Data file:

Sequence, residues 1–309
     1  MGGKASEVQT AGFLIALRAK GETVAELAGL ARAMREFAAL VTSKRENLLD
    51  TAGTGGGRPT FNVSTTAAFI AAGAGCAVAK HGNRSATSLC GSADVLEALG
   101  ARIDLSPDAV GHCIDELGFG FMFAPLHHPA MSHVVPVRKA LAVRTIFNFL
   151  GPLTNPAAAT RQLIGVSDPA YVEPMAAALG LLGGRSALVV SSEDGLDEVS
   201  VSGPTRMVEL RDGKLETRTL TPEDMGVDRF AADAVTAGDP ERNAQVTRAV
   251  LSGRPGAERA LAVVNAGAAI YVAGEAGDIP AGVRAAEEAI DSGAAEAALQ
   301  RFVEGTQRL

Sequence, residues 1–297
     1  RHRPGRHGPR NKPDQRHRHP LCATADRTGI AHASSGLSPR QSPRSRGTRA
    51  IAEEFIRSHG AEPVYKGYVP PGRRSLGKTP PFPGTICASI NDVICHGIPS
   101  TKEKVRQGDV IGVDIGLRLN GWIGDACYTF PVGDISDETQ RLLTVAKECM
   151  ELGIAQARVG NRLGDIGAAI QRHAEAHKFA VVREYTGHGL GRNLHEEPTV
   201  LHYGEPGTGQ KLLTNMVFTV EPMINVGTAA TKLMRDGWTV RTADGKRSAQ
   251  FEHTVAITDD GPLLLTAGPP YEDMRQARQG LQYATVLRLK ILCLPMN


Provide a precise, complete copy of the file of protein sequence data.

Sequence, residues 1–309
     1  MGGKASEVQT AGFLIALRAK GETVAELAGL ARAMREFAAL VTSKRENLLD
    51  TAGTGGGRPT FNVSTTAAFI AAGAGCAVAK HGNRSATSLC GSADVLEALG
   101  ARIDLSPDAV GHCIDELGFG FMFAPLHHPA MSHVVPVRKA LAVRTIFNFL
   151  GPLTNPAAAT RQLIGVSDPA YVEPMAAALG LLGGRSALVV SSEDGLDEVS
   201  VSGPTRMVEL RDGKLETRTL TPEDMGVDRF AADAVTAGDP ERNAQVTRAV
   251  LSGRPGAERA LAVVNAGAAI YVAGEAGDIP AGVRAAEEAI DSGAAEAALQ
   301  RFVEGTQRL

Sequence, residues 1–297
     1  RHRPGRHGPR NKPDQRHRHP LCATADRTGI AHASSGLSPR QSPRSRGTRA
    51  IAEEFIRSHG AEPVYKGYVP PGRRSLGKTP PFPGTICASI NDVICHGIPS
   101  TKEKVRQGDV IGVDIGLRLN GWIGDACYTF PVGDISDETQ RLLTVAKECM
   151  ELGIAQARVG NRLGDIGAAI QRHAEAHKFA VVREYTGHGL GRNLHEEPTV
   201  LHYGEPGTGQ KLLTNMVFTV EPMINVGTAA TKLMRDGWTV RTADGKRSAQ
   251  FEHTVAITDD GPLLLTAGPP YEDMRQARQG LQYATVLRLK ILCLPMN